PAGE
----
The Long Walk starts at Windsor Castle and ends at Snow Hill where you will find the famous Copper Horse Statue of King George III. The Long Walk was built by King Charles II who after his visit to Versailles considered building a similar park and garden at Windsor Castle. A double row of elm trees were planted and 1652 trees were used on the 3 mile long walk. The original trees lasted until the Second World War when they had to be replaced. Oak, chestnut and sycamore trees were planted as the soil was not suitable for elm trees. Queen Anne added a drive in the middle of the Long Walk as she enjoyed having carriage rides.
In the past, castles used to be surrounded by woodland and parkland so that the kings and aristocrats could pursue hunting and supply the castle with game. Windsor Castle was surrounded by Windsor Forest. During the centuries though as a result of landscaping the forest was remodelled around the Castle and at one point deer disappeared. Prince Philip reintroduced them in 1979 and currently around 500 deer live in the Deer Park.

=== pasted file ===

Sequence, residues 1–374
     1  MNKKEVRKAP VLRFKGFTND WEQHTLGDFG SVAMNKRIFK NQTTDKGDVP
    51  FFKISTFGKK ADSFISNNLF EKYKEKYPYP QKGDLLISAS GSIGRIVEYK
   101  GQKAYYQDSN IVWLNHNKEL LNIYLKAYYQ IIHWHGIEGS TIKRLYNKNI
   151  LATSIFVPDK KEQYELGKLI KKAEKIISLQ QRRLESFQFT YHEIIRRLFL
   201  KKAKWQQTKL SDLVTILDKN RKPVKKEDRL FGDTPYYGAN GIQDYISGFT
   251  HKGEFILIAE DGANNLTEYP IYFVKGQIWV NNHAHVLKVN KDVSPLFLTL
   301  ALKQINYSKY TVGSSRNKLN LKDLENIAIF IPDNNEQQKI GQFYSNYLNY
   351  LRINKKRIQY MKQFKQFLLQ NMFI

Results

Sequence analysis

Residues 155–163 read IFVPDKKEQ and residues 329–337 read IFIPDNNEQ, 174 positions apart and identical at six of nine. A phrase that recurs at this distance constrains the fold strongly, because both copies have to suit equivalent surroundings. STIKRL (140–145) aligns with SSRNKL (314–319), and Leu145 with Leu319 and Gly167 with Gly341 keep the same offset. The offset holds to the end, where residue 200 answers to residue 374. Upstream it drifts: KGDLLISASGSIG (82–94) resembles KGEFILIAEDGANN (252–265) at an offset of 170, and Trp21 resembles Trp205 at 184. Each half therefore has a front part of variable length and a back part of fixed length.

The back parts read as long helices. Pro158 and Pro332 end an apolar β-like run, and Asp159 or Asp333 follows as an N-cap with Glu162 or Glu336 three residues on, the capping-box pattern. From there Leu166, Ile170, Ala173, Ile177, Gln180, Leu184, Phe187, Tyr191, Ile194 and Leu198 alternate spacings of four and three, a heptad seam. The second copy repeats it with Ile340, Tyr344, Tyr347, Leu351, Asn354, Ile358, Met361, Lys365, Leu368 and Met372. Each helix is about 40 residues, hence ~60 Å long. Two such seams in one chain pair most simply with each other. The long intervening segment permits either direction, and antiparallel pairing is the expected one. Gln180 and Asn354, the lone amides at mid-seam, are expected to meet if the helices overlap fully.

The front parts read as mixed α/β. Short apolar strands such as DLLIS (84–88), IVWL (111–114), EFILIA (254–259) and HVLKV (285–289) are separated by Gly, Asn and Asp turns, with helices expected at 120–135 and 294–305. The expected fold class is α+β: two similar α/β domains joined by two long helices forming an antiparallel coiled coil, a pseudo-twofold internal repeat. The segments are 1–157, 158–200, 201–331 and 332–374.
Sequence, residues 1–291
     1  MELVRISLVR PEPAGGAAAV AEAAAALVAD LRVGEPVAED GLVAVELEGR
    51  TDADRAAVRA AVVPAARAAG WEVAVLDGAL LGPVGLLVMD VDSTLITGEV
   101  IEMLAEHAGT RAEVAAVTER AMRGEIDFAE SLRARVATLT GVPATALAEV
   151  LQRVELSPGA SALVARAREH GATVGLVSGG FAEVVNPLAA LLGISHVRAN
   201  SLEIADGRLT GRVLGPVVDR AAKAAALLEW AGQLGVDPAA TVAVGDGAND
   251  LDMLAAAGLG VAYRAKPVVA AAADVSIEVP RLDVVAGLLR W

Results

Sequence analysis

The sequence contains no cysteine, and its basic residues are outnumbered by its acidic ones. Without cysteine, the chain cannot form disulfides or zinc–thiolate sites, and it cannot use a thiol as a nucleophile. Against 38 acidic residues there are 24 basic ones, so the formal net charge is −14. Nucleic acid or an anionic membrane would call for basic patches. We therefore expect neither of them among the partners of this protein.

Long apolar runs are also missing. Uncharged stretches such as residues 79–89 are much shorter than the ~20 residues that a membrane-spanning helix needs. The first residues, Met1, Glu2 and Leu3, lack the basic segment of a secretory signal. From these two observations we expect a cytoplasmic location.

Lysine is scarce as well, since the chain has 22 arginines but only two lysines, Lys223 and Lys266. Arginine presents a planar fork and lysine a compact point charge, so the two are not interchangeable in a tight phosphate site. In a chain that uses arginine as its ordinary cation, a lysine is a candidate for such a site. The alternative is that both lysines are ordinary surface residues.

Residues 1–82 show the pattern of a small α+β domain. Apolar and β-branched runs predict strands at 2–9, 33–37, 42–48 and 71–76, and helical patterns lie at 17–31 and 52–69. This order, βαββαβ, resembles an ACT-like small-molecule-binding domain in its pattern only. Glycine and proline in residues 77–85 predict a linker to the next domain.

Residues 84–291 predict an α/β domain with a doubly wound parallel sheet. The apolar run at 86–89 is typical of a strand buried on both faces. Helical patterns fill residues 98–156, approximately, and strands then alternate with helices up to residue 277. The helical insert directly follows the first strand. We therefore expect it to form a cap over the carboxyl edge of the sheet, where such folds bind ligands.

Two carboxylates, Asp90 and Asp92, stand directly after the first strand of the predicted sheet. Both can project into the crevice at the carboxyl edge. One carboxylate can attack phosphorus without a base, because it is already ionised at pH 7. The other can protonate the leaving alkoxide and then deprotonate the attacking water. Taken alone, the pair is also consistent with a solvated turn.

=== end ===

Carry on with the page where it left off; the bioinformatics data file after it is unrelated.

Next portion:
The Copper Horse
The Statue of the Copper Horse was commissioned by King George IV to commemorate his father, King George III. The statue was made between 1824-1830 and stands on Snow Hill from where perhaps the most magnificent view of the castle can be seen. In clear weather you can see Wembley Stadium, Heathrow Airport and the skyscrapers in London.
Frogmore derives its name from the frogs which have always lived in this low-lying and marshy area. The estate belongs to the Royal Family since the 16th century. You would find the Victoria and Albert Mausoleum here where Queen Victoria and her beloved husband, Prince Albert are buried. The iconic green roof of the Mausoleum can be seen from the Long Walk.